(3rd LD) S. Korea's new COVID-19 cases above 35,000 for 4th day amid omicron woes
(ATTN: UPDATES with latest figures in fifth para)
SEOUL, Feb. 8 (Yonhap) -- South Korea's new COVID-19 infections stayed at more than 35,000 cases for four days in a row Tuesday as the highly infectious omicron variant has become the country's dominant strain.
The country reported 36,719 new COVID-19 infections, including 36,619 local cases, raising the total to 1,081,681, according to the Korea Disease Control and Prevention Agency (KDCA).
The accumulated virus caseload surpassed a grim milestone of 1 million on Sunday, two years after South Korea reported its first COVID-19 case.
Tuesday's tally is a twofold increase from the levels seen a week ago and more than a fourfold jump from two weeks ago, the KDCA said.
Health authorities and local governments had reported 28,880 new cases as of 6 p.m., up 5,529 from the same time the previous day and the highest-ever tally compiled for the time. Daily cases are counted until midnight and announced the following morning.
The death toll from COVID-19 came to 6,922, up 36 from Monday. The fatality rate was 0.64 percent, down from 0.66 percent a day earlier.
The number of critically ill COVID-19 patients was 268, down two from a day earlier, the KDCA said. The number has stayed in the 200s range for 11 days in a row.
The KDCA said intensive care unit beds for critically ill COVID-19 patients were 18.2 percent occupied nationwide, staying at a stable level.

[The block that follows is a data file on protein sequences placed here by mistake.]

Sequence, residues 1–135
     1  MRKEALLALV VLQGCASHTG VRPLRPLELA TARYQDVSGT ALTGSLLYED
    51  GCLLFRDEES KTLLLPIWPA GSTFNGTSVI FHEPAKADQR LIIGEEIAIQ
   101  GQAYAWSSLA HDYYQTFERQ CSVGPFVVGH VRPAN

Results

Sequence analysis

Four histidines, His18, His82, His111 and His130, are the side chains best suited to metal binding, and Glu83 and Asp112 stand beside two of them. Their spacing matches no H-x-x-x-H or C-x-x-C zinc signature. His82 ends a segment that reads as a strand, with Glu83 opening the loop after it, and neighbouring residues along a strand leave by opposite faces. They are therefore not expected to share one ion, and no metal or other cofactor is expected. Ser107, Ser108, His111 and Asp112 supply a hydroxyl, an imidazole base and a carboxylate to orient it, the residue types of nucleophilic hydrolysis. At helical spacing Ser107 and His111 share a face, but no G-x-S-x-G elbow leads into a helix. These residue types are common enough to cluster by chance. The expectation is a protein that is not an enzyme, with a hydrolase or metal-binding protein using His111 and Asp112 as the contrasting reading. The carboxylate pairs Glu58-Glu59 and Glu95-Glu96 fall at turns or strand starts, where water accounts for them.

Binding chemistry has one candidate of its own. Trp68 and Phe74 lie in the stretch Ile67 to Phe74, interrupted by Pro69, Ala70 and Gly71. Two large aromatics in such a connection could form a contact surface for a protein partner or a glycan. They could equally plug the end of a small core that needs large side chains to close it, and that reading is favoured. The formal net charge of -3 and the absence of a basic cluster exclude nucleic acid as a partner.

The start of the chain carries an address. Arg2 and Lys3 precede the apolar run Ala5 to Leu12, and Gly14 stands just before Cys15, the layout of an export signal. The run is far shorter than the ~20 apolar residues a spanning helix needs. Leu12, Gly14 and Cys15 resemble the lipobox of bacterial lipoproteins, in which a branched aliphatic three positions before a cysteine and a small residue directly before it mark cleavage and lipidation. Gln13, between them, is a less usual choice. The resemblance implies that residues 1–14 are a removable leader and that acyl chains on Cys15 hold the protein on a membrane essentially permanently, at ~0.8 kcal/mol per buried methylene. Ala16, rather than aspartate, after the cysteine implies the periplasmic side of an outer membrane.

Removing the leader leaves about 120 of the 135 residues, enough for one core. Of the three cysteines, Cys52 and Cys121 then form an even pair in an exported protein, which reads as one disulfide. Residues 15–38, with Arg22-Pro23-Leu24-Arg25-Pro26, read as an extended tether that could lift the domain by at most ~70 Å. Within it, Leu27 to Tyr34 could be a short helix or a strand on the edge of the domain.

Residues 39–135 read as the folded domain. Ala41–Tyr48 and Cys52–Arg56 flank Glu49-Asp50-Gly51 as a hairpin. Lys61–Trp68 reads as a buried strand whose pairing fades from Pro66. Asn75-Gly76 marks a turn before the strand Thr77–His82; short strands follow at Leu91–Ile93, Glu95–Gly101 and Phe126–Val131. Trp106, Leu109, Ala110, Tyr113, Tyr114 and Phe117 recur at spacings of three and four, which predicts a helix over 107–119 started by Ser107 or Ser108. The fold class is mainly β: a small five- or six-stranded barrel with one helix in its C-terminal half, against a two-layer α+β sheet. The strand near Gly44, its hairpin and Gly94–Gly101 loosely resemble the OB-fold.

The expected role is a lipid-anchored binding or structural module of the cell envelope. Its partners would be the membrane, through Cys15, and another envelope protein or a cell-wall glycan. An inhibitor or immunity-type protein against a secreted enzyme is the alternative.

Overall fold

At-home care patients rose by 12,724 from the previous day to a total of 159,169 due to the fast spread of mild COVID-19 patients or those without symptoms, the KDCA said.
Earlier, KDCA Commissioner Jeong Eun-kyeong forecast that at-home care patients may reach around 1 million by early March.
The authorities have said the fast spread of the omicron variant has overwhelmed health workers and government officials, leading the authorities to end their daily checkup calls of low-risk COVID-19 patients treated at home.
Health officials will now make daily checkup calls to only high-risk COVID-19 patients in their 60s or older or those with preexisting medical conditions. Low-risk patients, aged in their 50s or younger, will now be left to monitor their conditions by themselves and contact local hospitals if their symptoms deteriorate.
The authorities, however, said children and pregnant women -- who are not part of a high-risk group -- will be separately monitored.
As of Tuesday, 28.42 million people, or 55.4 percent of the country's 52 million population, had received booster shots. The number of fully vaccinated people came to 44.13 million people, accounting for 86 percent.
Meanwhile, authorities said 615,000 doses of Pfizer Inc. vaccines will be brought into the country through Incheon International Airport on Wednesday.
Separately, another 1.52 million doses of Moderna vaccines will be delivered from a Samsung Biologics Co. plant on the same day. The planned shipments will raise the total amount of COVID-19 vaccines delivered here to 5.22 million.
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